Crisis or not, the U.S. government made it clear that airlines owe refunds to a lot of customers. Airlines don't want to see cash go out the door, so look for more carriers to take creative approaches to try to buy passengers off and keep them from asking for their money back.
U.S. airlines must refund passengers when they cancel flights due to the coronavirus pandemic, the federal government said Friday, a blow to at least two carriers that have been making it difficult for customers to recover their money.
The pro-consumer move is consistent with the U.S. Department of Transportation’s usual policy, though there was some question whether the government would waive its rules because of the unusual circumstances. Normally, if an airline cannot fly a passenger within a couple of hours of the scheduled time, it offers a refund. Because those situations are rare — airlines generally cancel a small percentage of flights — carriers usually return money without delay.
But recently, JetBlue Airways and United Airlines took the position that these were extraordinary circumstances and altered their policies. At points during the past four weeks, both essentially said they were permitted to cancel a flight and retain the money, so long as they could rebook the customer on a new flight within about one day. Customers who were upset could take a voucher for a future flight.
United loosened its policy slightly after customer complaints, but still made it a priority to keep money as long as possible. Meanwhile, JetBlue had dug in so much that The Points Guy called its policy, “one of the most customer-unfriendly moves we’ve seen since the outbreak of the virus.”
However, the Department of Transportation said Friday its rules had not changed. If airlines rebook customers on a flight within a few hours, they can hold onto the money. Beyond that, the government said, customers are due refunds, not vouchers.
“Airlines have long provided such refunds, including during periods when air travel has been disrupted on a large scale, such as the aftermath of the September 11, 2001 attacks, Hurricane Katrina, and presidentially declared natural disasters,” the government said. “Although the COVID-19 public health emergency has had an unprecedented impact on air travel, the airlines’ obligation to refund passengers for cancelled or significantly delayed flights remains unchanged.”
JetBlue did not immediately reply for a request for comment. A United spokeswoman said the airline is offering refunds to eligible customers.
“Eligible travelers on domestic flights – and now customers with international tickets – can request a refund on United.com or may call our contact centers if their flights have been severely adjusted or service to their destination suspended either due to government mandates or United schedule reductions related to COVID-19,” the spokeswoman said.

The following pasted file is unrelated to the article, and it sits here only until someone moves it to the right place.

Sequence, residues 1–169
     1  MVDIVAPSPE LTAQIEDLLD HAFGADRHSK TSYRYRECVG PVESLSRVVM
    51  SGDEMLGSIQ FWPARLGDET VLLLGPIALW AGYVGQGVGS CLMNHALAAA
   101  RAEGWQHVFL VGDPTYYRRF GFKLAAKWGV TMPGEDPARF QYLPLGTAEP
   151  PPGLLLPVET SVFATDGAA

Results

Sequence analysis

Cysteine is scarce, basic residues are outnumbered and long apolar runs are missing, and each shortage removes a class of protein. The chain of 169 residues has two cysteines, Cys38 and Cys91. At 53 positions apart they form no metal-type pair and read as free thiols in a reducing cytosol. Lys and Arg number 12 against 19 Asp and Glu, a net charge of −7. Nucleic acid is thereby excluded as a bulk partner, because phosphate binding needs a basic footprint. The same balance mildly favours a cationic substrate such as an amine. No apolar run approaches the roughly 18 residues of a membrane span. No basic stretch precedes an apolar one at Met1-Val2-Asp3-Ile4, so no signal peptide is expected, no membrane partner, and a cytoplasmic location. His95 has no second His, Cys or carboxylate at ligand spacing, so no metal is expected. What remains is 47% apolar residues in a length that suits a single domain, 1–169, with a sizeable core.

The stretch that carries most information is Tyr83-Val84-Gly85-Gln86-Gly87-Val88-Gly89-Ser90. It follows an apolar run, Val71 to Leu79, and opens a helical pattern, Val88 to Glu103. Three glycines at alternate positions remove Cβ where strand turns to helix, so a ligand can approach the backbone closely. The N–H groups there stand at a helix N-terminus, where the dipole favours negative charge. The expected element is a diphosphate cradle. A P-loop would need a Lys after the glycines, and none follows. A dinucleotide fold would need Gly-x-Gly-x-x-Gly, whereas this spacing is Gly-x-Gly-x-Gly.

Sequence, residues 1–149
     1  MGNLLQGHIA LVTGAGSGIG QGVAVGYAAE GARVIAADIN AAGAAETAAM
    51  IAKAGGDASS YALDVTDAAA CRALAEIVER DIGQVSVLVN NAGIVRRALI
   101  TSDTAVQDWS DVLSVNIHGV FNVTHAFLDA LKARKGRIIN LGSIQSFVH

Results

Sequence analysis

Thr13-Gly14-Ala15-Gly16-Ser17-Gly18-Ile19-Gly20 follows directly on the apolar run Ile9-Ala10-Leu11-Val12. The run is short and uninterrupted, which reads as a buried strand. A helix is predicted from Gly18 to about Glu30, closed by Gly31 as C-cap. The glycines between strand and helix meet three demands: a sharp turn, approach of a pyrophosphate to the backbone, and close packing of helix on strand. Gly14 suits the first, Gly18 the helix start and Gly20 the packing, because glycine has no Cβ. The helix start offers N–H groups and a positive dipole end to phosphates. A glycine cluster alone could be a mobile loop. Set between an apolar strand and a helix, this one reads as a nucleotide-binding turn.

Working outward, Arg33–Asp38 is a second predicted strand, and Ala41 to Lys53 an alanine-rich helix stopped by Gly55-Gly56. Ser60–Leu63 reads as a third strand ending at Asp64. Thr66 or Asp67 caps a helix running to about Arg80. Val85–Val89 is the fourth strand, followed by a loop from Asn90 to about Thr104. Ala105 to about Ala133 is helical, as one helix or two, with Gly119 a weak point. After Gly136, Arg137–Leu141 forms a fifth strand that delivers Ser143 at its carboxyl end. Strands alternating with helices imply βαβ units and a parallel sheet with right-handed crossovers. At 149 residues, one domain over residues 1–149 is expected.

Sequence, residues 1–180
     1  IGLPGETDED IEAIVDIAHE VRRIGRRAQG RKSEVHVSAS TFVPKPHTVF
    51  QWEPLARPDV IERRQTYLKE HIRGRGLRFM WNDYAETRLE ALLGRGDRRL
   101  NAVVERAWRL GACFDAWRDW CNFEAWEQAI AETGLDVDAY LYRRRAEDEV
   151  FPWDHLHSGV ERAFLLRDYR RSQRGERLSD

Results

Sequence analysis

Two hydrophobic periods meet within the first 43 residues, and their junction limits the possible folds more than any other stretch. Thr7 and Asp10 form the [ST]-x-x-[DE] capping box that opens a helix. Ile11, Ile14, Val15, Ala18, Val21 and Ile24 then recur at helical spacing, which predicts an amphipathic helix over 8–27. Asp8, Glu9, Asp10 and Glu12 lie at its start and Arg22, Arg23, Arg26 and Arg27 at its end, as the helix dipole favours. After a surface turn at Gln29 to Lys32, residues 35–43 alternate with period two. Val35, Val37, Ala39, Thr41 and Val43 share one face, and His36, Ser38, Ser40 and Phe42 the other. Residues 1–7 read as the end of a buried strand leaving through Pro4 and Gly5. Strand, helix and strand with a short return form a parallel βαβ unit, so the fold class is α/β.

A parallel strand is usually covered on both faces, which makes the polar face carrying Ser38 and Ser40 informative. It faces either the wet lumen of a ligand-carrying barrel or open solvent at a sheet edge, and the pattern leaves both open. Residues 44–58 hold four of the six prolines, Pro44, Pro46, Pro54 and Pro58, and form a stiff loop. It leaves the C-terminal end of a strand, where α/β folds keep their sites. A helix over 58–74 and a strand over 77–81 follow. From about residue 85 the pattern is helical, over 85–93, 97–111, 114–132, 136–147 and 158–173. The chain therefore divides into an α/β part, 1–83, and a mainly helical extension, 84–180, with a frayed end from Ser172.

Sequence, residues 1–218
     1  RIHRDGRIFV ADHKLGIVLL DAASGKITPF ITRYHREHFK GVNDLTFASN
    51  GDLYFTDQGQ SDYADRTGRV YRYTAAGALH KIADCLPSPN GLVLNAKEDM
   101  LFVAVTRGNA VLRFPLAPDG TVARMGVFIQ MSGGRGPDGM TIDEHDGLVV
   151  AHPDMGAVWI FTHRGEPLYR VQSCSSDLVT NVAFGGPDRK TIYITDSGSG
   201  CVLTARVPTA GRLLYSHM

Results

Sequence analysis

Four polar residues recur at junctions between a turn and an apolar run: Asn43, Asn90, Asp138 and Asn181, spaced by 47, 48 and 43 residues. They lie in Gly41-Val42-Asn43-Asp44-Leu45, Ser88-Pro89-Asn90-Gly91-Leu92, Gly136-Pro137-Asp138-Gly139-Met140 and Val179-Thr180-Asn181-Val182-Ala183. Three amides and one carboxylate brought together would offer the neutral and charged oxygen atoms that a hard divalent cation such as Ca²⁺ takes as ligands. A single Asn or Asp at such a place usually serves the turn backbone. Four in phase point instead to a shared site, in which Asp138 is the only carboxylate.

American and Delta More Lenient
Not every airline took such a hard stance on refunds. American Airlines and Delta Air Lines, among others, generally followed earlier precedent, offering refunds when they canceled flights, assuming they could not rebook passengers within a couple of hours.
But it an expensive proposition. Over the next two months, U.S. airlines have slashed schedules, operating between roughly 30 and 60 percent of their usual domestic flights and almost no long-haul international flights. They now must offer refunds to passengers who had booked many of those now-canceled flights, even though many of those customers had no intention of traveling.
In an attempt to hold onto the money, some airlines have been creative with buying off passengers. American is giving customers an extra bonus if they choose a travel credit over a refund. They can choose a full refund, or a travel credit worth 120 percent of the value of the ticket.
“They are putting effort into it,” Brett Snyder, an airline analyst and blogger, said in an interview. “I think that’s a pretty admirable thing to be doing.”
Delta also been taking care of customers, as well, said Snyder, who also runs a travel agency. He said Delta’s agents seem have wide latitude to offer refunds.
“Delta has been more quiet but they have always been like that,” he said. “They leave more to your imagination with their policies. But they lean on the side of, go ahead and do it.”
Airlines are also extending how long passengers will have to use vouchers, which usually expire one year after the ticket is issued. Some Delta vouchers are now good through May 2022.
No Refunds for Voluntary Changes
Not all passengers will receive refunds, despite the government’s order.
If the airline is still operating the flight, the customer may cancel, but the passenger typically only is due a travel credit, not a refund.
This article was updated with a comment from United Airlines.
Photo credit: JetBlue will have to offer more refunds to customers. Pictured is one of the airline's Airbus A320 jets. Dave Montiverdi / Flickr